Compassion fatigue: The hidden danger of concurrent national public health emergencies
Training, mental health resources are essential to support first responders facing both the opioid crisis and COVID-19 outbreak
By Aliese Alter
The opioid epidemic emerged (and continues to grow) with callousness and no remorse.
First responders rely on their training and experience to direct both their tactical and strategic efforts when they arrive on scene.
As a former police officer from 2013-2018, I did not receive training on an overdose response in the academy. Shortly after being released to the unrelenting streets, I saw my EMT and paramedic colleagues administering a new-to-me miracle drug, which I later identified as naloxone, which brought seemingly dead people back to life with vengeance.
Now, no longer a first responder, but still heavily embedded in the space, I find myself experiencing deja vu.
In early 2020, as a mysterious pneumonia was inflicting havoc in China, Americans sat back and watched the nightly news in disbelief. Well, here we are. COVID-19 has people working from home, ordering online and filing for unemployment in record numbers.
For first responders, who do not have the benefit of staying at home and waiting it out, life has not continued as usual. Do you remember “The Fresh Prince of Bel-Air” from the 90s? The lyrics have never rung more true: “Now this is a story all about how my life got flipped-turned upside down.”
The impact of trauma on first responders
The one element that remains true, whether it’s administering naloxone or coping with the mental stress of the job, first responders need adequate training. As new epidemics arise, so many people are sent to the front lines with little guidance on how to do their job most safely and effectively. First responders are prepared for the rewarding and gratifying elements of their jobs, but those moments are becoming outweighed by systematic failures, unfathomable sadness and profound confusion. All of that combined can result in compassion fatigue – stress resulting from exposure.
First responders may all be subject to compassion fatigue to a certain extent. However, amid two concurrent national public health emergency declarations – the opioid crisis and COVID-19 – compassion fatigue is a hidden predator amongst first responders.
In a 2018 study, the Substance Abuse and Mental Health Services Administration (SAMHSA) found that 69% of first responders reported that they do not have enough time to recover between traumatic events. Given this, first responders are more likely to suffer from:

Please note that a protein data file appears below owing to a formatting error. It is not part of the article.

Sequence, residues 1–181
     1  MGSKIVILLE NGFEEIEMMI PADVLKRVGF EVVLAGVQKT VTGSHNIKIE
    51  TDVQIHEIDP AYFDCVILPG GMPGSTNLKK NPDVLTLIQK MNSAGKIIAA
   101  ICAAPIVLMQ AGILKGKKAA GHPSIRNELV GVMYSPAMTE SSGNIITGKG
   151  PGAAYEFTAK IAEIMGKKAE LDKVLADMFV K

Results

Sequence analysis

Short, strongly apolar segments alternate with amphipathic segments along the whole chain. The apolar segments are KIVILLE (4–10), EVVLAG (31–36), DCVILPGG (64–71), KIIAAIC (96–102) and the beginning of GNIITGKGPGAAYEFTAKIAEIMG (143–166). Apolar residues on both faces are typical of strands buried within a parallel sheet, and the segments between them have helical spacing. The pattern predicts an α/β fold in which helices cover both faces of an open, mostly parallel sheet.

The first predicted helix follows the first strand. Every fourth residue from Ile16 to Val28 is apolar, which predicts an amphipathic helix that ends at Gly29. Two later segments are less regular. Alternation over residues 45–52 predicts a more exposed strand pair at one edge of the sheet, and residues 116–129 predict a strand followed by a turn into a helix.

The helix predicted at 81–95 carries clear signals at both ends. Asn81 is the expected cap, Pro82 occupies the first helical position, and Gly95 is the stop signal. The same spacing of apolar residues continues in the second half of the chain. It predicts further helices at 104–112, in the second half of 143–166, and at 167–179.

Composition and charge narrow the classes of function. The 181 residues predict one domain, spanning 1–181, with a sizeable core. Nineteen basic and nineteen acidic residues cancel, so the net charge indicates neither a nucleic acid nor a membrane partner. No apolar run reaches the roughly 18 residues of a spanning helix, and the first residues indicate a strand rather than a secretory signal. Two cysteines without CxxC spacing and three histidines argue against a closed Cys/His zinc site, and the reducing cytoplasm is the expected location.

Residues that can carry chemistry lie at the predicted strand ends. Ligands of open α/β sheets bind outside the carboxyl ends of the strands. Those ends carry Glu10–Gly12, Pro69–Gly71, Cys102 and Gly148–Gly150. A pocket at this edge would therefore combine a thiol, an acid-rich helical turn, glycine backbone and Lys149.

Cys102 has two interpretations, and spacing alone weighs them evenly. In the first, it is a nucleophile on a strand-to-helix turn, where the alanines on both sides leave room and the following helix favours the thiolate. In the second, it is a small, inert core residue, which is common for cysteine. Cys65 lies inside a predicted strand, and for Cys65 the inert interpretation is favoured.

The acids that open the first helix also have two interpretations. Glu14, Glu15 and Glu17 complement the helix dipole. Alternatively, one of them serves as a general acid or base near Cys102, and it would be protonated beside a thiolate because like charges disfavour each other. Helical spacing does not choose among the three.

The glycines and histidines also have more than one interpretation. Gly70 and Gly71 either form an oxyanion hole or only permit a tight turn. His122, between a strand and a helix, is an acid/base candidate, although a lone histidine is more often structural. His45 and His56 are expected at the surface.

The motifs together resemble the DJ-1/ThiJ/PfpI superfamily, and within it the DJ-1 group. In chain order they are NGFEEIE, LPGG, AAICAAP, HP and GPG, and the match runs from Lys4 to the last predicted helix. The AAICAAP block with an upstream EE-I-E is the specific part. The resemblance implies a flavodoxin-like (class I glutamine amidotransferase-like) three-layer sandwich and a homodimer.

- Substance use
As we work to remove the stigma associated with substance abuse disorder, the stigma associated with first responders’ mental health stays stagnant. Compassion fatigue and the precipitating symptoms will ultimately continue to keep first responders running on empty, or in the most devastating of scenarios, change their lives and lives of loved ones instantaneously.
There is no more time to monitor, survey and wait for data. Leaders in public safety must push for a paradigm shift in how their organizations not only view compassion fatigue but how they are equipping their personnel with an arsenal of tools to protect themselves, their families and their teams to improve mental health. We are in a new landscape full of uncharted territory, and cannot operate in conventional methodologies.
The HHS renewed the opioid epidemic national public health emergency on April 2, 2020. This declaration was unprecedented until COVID-19 came into our nation. It is evident compassion fatigue is not going anywhere, especially while our nation has been in a constant state of a national public declaration for nearly three years.
Mental health training, resources
Implement training and resources now, so your employees will be around to thank you later. Employ tactics and strategies that are fluid and can be applied to any emerging threat, national public health emergency, or just the inherent disposition of the job. Don’t know where to start? Try some of these ideas. If they already exist, expand:
- Employee assistance programs: Now is a great time to remind personnel of this resource and how to access.
- Debriefing sessions: Difficult calls and trying days warrant a willing ear.
- Virtual peer support groups: In a world of social distancing, first responders need human connection too.
- Public recognition: Engage the community virtually through social media: Much of the community is at home – what better time to engage them, within CDC guidelines, and acknowledge valor in action.
- Incorporate awareness, education and resources into academy and in-service training: After you have a chance to breathe, and several moments of clarity, don’t forget to continue these efforts.
About the author
Aliese Alter is a senior program manager for the Washington/Baltimore High Intensity Drug Trafficking Areas (W/B HIDTA), overseeing both the Overdose Detection Mapping Application Program (ODMAP) and Case Explorer. She is responsible for the overall management of ODMAP and Case Explorer, including outreach, program development, implementation and national partnerships. Aliese is responsible for interfacing with thousands of partners representing government, law enforcement and public health nationally to support data-driven efforts to reduce overdoses, as well as facilitate information sharing. Before joining the W/B HIDTA, Aliese served as a detective in Richmond, Virginia. During her career, she held a variety of assignments to include patrol, recruitment and special victims unit.